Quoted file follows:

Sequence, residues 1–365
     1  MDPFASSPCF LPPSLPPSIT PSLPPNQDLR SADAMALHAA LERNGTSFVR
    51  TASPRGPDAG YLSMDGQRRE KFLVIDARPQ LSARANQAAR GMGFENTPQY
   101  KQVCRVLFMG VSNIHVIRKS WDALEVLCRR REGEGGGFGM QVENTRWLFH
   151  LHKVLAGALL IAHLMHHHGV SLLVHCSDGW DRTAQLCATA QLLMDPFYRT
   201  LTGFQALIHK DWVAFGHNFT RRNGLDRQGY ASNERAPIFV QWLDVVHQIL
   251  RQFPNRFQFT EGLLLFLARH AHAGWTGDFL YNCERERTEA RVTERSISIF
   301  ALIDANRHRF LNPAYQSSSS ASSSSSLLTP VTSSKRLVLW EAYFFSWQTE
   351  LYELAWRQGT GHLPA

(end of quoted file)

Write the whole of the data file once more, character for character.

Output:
Sequence, residues 1–365
     1  MDPFASSPCF LPPSLPPSIT PSLPPNQDLR SADAMALHAA LERNGTSFVR
    51  TASPRGPDAG YLSMDGQRRE KFLVIDARPQ LSARANQAAR GMGFENTPQY
   101  KQVCRVLFMG VSNIHVIRKS WDALEVLCRR REGEGGGFGM QVENTRWLFH
   151  LHKVLAGALL IAHLMHHHGV SLLVHCSDGW DRTAQLCATA QLLMDPFYRT
   201  LTGFQALIHK DWVAFGHNFT RRNGLDRQGY ASNERAPIFV QWLDVVHQIL
   251  RQFPNRFQFT EGLLLFLARH AHAGWTGDFL YNCERERTEA RVTERSISIF
   301  ALIDANRHRF LNPAYQSSSS ASSSSSLLTP VTSSKRLVLW EAYFFSWQTE
   351  LYELAWRQGT GHLPA